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    Sure - DF stands for 'Diamond Frame,' which is a loose description of uprights. It's a nicer term than using 'wedgie' or other, worse names.

    Yes there are fast and slow bents. At the top of the food chain are the highracers and lowracers, followed by the 'sport' models with more upright seatbacks, with the entry-level compacts at the bottom. Generally, you can look at the weight and the rider position and make a fair guess as to how fast the bent will be. The fastest trikes will fall somewhere in the middle of the sport range. Catrikes fall in the middle of trikes' speed range.
     
  7. Ben Dover

    Ben Dover New Member

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    I just joined and I apologize for posting on this old thread....

    I build my own recumbents and found the dual 26" (high racer) to be close to 5 mph faster than my lightest carbon fiber road bike that I sold in 1997. I would never go back to riding an upright bicycle unless it was for off-road use. On my road bike (19 lbs.) and in better shape I could sprint to 33 mph and cruise at 21 for up to 20 miles. The High racer (26 lbs.) can do 36 in a sprint and cruise at 26 mph, it was built to ride with upright cyclist but I have found most DF riders to be more uptight than upright. I guess when you can ride beside a paceline looking like you are sleeping they all get thier lycra in a bunch.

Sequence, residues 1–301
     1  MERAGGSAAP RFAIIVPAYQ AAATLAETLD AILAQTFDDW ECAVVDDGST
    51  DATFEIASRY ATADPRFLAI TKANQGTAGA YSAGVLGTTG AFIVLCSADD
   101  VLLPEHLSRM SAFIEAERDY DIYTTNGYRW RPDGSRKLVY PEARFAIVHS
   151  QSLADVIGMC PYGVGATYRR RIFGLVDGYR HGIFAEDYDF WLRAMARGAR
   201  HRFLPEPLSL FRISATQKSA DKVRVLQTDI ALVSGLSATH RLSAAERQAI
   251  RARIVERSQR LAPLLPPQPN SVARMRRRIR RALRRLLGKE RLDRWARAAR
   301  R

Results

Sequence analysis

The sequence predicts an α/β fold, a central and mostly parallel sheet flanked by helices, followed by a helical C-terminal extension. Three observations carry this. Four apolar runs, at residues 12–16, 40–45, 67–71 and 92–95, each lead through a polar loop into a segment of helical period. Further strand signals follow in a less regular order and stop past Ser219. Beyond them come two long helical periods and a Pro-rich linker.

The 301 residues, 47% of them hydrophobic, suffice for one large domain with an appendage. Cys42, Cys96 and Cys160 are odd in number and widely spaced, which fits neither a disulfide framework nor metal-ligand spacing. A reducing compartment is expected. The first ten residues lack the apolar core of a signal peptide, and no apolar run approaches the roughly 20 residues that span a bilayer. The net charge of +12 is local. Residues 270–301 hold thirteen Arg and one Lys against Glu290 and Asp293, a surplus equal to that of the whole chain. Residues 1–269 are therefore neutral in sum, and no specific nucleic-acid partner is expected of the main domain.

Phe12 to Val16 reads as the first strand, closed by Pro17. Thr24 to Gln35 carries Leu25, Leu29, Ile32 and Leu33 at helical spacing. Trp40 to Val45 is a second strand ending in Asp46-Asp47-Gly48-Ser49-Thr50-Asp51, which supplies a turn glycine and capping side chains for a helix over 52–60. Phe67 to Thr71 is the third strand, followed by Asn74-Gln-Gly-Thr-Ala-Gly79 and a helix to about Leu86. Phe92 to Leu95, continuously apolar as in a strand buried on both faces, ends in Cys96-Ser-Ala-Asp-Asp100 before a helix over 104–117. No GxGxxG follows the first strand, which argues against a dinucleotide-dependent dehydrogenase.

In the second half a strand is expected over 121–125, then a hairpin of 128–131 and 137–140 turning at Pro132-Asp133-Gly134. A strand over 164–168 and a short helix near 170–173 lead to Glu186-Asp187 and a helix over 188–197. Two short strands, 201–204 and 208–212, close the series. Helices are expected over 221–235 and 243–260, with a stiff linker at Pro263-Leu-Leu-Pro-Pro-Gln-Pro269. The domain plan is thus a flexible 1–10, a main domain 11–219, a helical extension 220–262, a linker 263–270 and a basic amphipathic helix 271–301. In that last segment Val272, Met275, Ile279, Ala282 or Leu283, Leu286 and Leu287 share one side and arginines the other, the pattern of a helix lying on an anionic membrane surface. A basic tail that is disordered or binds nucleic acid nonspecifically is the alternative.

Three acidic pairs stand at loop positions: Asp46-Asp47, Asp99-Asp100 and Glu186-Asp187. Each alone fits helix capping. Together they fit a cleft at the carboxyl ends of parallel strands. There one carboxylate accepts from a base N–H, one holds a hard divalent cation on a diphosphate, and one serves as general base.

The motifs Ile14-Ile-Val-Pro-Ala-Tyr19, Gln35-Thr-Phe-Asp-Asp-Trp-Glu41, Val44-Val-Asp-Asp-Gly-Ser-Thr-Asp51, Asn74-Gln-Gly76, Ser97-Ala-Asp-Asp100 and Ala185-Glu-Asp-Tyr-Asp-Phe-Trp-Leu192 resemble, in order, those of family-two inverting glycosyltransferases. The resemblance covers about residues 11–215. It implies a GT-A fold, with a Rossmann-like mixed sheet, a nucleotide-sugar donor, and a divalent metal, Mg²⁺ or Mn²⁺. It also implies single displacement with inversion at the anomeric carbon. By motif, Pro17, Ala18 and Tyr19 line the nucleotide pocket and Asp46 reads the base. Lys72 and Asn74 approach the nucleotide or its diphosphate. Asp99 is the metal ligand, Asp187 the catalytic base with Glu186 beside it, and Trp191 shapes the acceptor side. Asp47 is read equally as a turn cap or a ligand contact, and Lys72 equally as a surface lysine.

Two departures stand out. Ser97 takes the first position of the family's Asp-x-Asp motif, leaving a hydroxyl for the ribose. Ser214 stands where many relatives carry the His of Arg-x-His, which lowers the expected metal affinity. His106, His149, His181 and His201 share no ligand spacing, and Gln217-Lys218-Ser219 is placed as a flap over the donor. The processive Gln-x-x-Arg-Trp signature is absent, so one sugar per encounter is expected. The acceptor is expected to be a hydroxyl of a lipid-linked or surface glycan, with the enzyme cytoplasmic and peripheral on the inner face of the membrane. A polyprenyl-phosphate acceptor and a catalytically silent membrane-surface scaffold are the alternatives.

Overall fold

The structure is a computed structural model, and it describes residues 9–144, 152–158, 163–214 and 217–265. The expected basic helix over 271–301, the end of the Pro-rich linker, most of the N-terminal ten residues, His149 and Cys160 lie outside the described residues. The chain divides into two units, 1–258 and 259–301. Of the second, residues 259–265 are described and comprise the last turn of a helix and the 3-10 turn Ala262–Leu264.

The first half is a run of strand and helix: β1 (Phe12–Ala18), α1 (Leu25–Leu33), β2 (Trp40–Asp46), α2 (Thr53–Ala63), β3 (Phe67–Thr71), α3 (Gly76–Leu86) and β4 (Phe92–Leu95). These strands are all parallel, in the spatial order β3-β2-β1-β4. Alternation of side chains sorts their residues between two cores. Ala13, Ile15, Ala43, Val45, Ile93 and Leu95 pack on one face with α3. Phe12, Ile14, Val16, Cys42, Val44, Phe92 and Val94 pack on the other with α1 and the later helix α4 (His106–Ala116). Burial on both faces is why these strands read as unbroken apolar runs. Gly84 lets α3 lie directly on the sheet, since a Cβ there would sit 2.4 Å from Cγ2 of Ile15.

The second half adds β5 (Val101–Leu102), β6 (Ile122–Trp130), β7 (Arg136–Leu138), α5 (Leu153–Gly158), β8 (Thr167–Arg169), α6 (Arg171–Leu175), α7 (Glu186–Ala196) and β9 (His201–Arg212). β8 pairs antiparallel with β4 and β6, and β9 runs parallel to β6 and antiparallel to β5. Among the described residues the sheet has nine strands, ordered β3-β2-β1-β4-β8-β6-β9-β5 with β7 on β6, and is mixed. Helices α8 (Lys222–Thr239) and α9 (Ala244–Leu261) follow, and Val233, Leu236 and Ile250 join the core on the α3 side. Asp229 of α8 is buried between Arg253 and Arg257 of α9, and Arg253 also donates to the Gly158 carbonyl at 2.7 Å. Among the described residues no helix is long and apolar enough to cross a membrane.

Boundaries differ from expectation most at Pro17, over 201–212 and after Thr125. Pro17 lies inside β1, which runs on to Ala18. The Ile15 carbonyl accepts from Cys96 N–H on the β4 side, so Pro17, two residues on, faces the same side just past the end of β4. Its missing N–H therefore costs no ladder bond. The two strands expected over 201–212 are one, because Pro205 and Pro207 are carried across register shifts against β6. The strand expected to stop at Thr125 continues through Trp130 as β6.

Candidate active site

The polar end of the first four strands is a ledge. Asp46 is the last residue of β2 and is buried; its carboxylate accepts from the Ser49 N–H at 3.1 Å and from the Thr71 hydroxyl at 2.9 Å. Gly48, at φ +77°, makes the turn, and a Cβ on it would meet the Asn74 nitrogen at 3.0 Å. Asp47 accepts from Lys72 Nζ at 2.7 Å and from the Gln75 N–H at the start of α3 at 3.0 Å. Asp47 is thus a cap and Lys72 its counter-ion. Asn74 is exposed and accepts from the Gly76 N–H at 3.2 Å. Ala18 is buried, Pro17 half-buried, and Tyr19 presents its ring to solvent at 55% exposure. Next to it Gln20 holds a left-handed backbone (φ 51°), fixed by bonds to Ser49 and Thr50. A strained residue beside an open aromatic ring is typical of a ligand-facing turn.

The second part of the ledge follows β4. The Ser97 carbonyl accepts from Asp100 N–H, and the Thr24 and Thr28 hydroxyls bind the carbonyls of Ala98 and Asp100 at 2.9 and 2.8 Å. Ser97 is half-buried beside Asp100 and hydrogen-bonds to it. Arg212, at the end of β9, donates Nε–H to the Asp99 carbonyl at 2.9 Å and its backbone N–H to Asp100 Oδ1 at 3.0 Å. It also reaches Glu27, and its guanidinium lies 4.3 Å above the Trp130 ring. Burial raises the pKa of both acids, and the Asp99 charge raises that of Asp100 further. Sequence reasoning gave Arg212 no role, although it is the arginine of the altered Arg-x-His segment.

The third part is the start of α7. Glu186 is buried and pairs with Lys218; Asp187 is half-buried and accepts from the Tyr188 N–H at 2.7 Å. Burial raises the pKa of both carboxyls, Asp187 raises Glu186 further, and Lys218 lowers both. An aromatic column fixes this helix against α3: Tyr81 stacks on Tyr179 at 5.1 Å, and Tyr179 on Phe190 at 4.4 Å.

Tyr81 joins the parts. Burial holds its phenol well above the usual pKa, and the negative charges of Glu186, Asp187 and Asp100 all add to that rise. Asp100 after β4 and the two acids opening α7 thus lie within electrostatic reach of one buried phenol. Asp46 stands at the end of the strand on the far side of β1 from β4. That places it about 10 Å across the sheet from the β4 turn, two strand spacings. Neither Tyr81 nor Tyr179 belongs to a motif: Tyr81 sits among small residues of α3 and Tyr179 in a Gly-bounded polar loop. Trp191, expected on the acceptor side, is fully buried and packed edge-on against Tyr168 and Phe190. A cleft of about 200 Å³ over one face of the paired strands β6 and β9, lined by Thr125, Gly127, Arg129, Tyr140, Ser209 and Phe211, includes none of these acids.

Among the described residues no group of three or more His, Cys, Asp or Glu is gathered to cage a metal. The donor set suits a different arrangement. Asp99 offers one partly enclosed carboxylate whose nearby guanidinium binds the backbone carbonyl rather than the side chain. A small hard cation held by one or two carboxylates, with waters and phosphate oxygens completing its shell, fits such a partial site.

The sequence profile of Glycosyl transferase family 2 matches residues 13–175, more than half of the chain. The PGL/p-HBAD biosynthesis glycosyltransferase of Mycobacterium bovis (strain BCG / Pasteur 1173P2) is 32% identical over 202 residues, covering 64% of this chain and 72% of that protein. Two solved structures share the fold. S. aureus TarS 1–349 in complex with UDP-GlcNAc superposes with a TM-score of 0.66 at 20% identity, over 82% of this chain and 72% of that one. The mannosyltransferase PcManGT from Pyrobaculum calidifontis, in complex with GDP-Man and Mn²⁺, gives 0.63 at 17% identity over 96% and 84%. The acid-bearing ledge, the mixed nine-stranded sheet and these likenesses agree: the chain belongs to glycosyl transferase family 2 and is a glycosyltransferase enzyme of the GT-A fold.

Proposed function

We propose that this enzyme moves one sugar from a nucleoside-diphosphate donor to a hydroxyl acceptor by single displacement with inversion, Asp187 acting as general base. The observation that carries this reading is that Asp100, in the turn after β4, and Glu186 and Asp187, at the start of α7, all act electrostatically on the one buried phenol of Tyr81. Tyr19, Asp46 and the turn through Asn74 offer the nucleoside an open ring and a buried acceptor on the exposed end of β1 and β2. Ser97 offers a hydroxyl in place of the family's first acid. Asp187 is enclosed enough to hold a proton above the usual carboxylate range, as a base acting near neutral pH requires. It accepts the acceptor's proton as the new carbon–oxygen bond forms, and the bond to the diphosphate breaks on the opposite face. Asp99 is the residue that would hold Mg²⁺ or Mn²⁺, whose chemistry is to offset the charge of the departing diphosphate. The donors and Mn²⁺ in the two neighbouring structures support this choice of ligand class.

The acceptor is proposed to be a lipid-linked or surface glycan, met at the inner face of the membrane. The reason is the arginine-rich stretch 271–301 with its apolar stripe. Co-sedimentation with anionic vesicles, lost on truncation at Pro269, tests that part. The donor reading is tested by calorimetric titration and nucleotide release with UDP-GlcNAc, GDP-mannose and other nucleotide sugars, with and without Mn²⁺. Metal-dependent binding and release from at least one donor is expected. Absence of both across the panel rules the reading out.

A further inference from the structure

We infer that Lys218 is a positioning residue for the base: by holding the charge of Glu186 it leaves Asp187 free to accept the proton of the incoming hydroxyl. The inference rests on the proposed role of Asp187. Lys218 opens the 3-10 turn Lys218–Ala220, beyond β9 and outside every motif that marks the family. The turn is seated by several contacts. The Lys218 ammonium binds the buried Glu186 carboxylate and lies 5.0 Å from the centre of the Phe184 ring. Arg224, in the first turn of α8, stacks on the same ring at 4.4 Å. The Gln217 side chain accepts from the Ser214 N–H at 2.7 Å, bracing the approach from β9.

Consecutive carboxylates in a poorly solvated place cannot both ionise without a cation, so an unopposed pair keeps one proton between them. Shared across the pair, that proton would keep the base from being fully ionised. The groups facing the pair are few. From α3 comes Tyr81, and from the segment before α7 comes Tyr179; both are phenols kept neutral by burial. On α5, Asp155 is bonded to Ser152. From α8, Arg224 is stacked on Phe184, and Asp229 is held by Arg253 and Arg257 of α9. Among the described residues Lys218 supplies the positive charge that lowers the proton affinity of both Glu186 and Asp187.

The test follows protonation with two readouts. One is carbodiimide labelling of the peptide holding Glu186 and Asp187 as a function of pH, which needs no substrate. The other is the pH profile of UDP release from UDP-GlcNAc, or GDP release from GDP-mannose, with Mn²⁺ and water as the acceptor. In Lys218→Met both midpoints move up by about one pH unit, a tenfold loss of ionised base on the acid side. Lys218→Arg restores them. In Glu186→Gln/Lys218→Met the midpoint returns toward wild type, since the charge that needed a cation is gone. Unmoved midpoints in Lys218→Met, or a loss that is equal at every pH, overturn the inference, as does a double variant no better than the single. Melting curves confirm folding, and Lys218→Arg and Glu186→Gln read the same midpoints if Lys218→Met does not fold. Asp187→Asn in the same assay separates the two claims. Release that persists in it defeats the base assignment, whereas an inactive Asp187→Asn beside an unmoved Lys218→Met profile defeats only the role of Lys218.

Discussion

When I want to go realy fast I ride a fully enclosed home built (85 lbs.) that will do 42 mph in a sprint and 33 mph cruise all day. It seems more like a cruise ship than a bicycle, it takes a good 300 meters to get up to speed but once there it takes a half mile or more to coast to a stop (on flat ground with no tail wind). It climbs rolling hills very well for a heavy bike but don't even think about extended climbing.